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3 April 2012, 14:13
Shirley Banfield, who is a retired tax inspector, and her 40 year old daughter Lynette Banfield, have been sentenced for life after being found guilty of murder.
The duo killed their husband and father Don Banfield 11 years ago. Don, who was 63, was last seen in May 2001 after leaving his house. He was treated as a missing person until 2009, when his former employers William Hill became suspicious and further police investigation took place.
Both mother and daughter, of Ashford Road, Canterbury, had previously admitted charges of fraud, forgery and conspiracy to pervert the course of justice.
The couple were found guilty at the Old Bailey with a 10-1 jury verdict and have received life sentences. Shirley will receive a minimum of 18 years behind bars, and Lynette will serve a minimum of 16 years.
They had kept Don Banfield's £120,000 share of the sale of their North London property and had also fraudulently gained £64,000 from his work and state pensions through pretending he was still alive.
Shirley and Lynette had both lied to police about seeing Mr Banfield back in 2008 to cover the murder. Mrs Banfield had also attempted to mislead the police search for her husband by giving a false description for their posters.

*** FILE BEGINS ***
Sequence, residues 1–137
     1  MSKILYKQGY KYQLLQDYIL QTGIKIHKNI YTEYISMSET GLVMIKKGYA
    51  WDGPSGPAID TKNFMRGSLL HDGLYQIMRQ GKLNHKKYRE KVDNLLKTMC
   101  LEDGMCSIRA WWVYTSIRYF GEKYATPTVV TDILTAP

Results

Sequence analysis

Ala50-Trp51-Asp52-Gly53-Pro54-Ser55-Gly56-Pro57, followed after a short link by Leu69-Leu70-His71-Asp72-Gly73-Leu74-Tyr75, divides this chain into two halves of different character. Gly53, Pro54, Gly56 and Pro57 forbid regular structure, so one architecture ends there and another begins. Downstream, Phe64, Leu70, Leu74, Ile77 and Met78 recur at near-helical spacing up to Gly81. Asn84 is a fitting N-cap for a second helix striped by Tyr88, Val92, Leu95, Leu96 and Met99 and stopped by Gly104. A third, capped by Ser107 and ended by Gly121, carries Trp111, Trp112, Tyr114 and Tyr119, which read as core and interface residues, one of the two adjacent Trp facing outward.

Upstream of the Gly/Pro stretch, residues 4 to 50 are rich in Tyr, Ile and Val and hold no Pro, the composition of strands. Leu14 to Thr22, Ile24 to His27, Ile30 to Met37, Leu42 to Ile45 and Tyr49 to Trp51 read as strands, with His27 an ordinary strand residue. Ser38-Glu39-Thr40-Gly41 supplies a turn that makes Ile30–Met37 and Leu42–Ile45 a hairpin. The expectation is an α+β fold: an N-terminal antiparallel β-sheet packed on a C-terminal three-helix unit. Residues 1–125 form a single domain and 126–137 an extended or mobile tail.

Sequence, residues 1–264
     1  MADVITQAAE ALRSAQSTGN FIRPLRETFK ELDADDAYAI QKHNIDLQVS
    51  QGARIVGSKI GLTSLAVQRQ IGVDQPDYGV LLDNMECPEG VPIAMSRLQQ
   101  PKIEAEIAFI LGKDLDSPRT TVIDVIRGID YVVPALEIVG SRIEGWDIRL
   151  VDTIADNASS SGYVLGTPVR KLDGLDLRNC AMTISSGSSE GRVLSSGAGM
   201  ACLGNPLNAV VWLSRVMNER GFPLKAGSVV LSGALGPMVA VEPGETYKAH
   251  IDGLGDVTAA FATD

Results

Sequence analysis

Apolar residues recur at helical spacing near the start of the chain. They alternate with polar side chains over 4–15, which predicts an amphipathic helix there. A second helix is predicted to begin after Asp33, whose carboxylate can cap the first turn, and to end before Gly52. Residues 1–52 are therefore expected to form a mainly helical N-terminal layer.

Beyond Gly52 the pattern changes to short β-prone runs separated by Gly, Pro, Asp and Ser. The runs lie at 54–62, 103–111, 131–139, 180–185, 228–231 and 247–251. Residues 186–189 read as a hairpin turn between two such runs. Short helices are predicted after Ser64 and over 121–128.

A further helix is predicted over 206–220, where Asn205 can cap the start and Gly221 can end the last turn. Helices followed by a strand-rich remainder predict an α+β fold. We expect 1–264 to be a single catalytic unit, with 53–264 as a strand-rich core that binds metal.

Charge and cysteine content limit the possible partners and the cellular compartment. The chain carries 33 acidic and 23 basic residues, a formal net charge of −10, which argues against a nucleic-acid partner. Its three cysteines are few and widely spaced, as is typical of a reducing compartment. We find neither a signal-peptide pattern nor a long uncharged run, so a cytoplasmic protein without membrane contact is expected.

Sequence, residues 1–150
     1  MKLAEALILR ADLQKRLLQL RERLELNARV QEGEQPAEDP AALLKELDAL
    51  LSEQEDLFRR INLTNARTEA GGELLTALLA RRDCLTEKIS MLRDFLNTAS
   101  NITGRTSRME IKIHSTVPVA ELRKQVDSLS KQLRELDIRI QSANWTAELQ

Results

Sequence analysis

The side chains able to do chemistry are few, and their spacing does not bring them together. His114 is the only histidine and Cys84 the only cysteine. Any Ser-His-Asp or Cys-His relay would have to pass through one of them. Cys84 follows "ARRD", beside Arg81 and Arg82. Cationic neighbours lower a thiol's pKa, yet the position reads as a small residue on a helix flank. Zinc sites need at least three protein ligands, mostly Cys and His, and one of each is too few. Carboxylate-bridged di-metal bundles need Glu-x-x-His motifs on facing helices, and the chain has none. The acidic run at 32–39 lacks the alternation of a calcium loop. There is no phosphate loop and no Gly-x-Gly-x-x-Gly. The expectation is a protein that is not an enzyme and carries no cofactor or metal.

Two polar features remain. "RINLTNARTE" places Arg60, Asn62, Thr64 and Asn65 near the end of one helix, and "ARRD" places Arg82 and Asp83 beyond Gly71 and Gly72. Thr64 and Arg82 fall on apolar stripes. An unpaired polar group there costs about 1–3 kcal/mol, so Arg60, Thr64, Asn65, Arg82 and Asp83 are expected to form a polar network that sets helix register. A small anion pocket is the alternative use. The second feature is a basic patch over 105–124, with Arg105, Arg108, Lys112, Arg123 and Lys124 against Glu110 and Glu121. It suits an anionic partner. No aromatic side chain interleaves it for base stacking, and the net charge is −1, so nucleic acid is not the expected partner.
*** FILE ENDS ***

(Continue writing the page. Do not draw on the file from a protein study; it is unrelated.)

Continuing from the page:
The court heard how Mr Banfield had told the police his wife and daughter were trying to kill him after waking to find himself handcuffed to his bed. He had told of how he had been threatened with a plastic bag and a knife by Shirley, and had endured furniture polish being sprayed into his eyes by Lynette.
Jenny Hopkins, of the Crown Prosecution Service, said outside court: "Their actions were motivated by greed and they robbed a man of his life purely for monetary gain."
"Almost eleven years since Don's disappearance, his wife and daughter no doubt believed they may have got away with their crime.''
The location of Mr Banfield's body is still unknown, although Lynette's notebook may hold some clues as to what happened to it. His daughter wrote of putting a body in a car, leaving a lingering smell and burying bodies in woods.
Police believe that the women must have been helped, but know no further details. They are going to speak to the Banfields in prison and ask them to reveal the bodies location, so a funeral can be held for other family members.